HELENA – Gov. Brian Schweitzer outlined his plan Friday for $800 million in federal stimulus money, focusing discretionary money to help the flagging wood products industry, freeze college tuition and shore up the teacher pension system.
And the governor said he expects state lawmakers to finalize budget work on the federal money within 22 days, far quicker than many originally envisioned.
The biggest pieces of the stimulus spending would go — as expected by the federal stimulus plan — to highway and road construction.
With smaller portions of money where the state is given leeway, Schweitzer is proposing $10 million to retool the wood industry to make use of dead and dying trees. Schweitzer said the state’s remaining 32 wood mills need to be saved, and that unemployment in that area continues to plague the state.
“This is there we are having problems. It’s the timber industry more than anything,” Schweitzer said.
The governor said the industry is too important to see it completely shuttered as has happened in other states.
Schweitzer is also pitching $42 million to freeze public college and university tuition, money he said will only go to the Board of Regents if they agree to hold tuition steady. The governor said the recession and dropping prices require colleges to freeze tuition.
“A lot of businesses in Montana are expected now to deliver the same product with fewer resources,” Schweitzer said. “If families in Montana aren’t being paid more these days, we don’t think it’s fair to charge them more for higher education.”
The governor also wants some of the federal money to shore up a financially troubled state pension system. He argued that it is necessary to forestall future tax increases to pay for the retirement system.
Schweitzer said he expects the Legislature will put its own ideas on the plan. But he said he needs it done by April 3 because that’s when he has to certify to the federal government that the state will lawfully spend the money.
The House Appropriations Committee chairman, Rep. Jon Sesso, D-Butte, said his panel will take up the bill next week since it finished with the state’s main budget bill, known as House Bill 2, on Friday. The stimulus plan will be on the House floor by March 17 and over to the Senate shortly later, Sesso said.
“If the federal government can get it done in 45 days, we can get it done in 22 days,” Sesso said.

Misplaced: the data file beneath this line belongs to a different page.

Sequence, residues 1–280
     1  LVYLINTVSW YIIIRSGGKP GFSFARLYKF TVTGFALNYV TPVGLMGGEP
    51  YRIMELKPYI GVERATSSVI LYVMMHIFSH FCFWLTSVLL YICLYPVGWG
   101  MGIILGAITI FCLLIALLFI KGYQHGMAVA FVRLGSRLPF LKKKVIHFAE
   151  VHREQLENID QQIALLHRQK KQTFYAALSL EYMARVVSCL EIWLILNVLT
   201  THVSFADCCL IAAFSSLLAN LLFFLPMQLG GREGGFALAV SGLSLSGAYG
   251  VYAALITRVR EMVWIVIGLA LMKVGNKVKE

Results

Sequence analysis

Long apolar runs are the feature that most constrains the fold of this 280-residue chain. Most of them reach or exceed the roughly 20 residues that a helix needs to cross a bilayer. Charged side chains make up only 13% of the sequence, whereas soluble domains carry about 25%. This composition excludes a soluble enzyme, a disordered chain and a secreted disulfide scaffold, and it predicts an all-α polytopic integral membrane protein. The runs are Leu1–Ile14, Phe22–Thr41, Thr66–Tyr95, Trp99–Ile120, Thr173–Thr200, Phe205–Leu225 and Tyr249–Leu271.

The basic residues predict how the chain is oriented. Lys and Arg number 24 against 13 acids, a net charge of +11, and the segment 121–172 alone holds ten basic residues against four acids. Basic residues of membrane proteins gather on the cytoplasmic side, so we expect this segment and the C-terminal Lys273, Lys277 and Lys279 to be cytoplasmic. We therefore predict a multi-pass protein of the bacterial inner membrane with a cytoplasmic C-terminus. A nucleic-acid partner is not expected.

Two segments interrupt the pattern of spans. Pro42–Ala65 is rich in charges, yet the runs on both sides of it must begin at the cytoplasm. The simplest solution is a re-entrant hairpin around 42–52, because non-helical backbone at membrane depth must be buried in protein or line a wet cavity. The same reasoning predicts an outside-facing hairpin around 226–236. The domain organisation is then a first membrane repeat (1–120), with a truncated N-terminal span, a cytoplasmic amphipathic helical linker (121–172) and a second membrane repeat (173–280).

Republicans who control the Senate were not at Schweitzer’s news conference on his proposal.
They were less friendly to the April 3 deadline.
Senate president Bob Story said that he wants to make sure the federal plan requires finished work by that date. The Park City Republican said it’s important the Legislature take sufficient time so that it doesn’t make any mistakes with the money.
Story also continues to push an oversight panel for spending of the money, an idea resisted by Democrats who say it would be usurping the authority of the Legislature, which frequently adopts larger spending budgets than found in the stimulus plan.
Story said he was skeptical of the plan to spend more than $40 million on the pension system, saying it’s not enough to fix the problem.
“It might be better spent on something of a concrete nature, infrastructure or something,” Story said.
He was less critical of the plan to use about the same amount to freeze college tuition, but said he wants to review the details.
House Republican Floor Leader Scott Mendenhall of Clancy, who manages a sawmill, was skeptical that Schweitzer’s $10 million for the wood products industry would be enough to make a difference.
“I appreciate the gesture, don’t get me wrong, but it’s only that,” he said. “But I do appreciate the governor recognizing the problem here.”
House Speaker Bob Bergren, D-Havre, said he expects both sides to get along and meet the April 3 deadline, and raised the specter of the historic partisan gridlock of two years ago when the Legislature failed to reach a budget deal in the time allotted to do so.
“I don’t think there will be any chicanery like we saw in 2007,” Bergren said.
Schweitzer did not say he would reject the federal money, or fail to certify the usage of the funds, if he doesn’t have a stimulus spending bill by that date.
“I don’t know what I will do,” Schweitzer said.
The governor said it doesn’t make sense to test the deadline.
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